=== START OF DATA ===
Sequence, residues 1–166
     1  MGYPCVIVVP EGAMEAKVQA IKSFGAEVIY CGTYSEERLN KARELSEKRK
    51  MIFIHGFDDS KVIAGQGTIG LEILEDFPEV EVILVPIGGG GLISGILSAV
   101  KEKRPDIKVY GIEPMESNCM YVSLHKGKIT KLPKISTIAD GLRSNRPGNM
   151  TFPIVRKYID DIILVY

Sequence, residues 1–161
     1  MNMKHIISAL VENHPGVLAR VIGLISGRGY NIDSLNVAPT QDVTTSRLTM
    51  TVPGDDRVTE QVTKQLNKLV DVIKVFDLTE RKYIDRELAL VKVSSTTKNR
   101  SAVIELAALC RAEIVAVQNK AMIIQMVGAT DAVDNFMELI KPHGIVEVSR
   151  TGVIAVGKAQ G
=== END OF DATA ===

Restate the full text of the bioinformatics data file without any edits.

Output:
Sequence, residues 1–166
     1  MGYPCVIVVP EGAMEAKVQA IKSFGAEVIY CGTYSEERLN KARELSEKRK
    51  MIFIHGFDDS KVIAGQGTIG LEILEDFPEV EVILVPIGGG GLISGILSAV
   101  KEKRPDIKVY GIEPMESNCM YVSLHKGKIT KLPKISTIAD GLRSNRPGNM
   151  TFPIVRKYID DIILVY

Sequence, residues 1–161
     1  MNMKHIISAL VENHPGVLAR VIGLISGRGY NIDSLNVAPT QDVTTSRLTM
    51  TVPGDDRVTE QVTKQLNKLV DVIKVFDLTE RKYIDRELAL VKVSSTTKNR
   101  SAVIELAALC RAEIVAVQNK AMIIQMVGAT DAVDNFMELI KPHGIVEVSR
   151  TGVIAVGKAQ G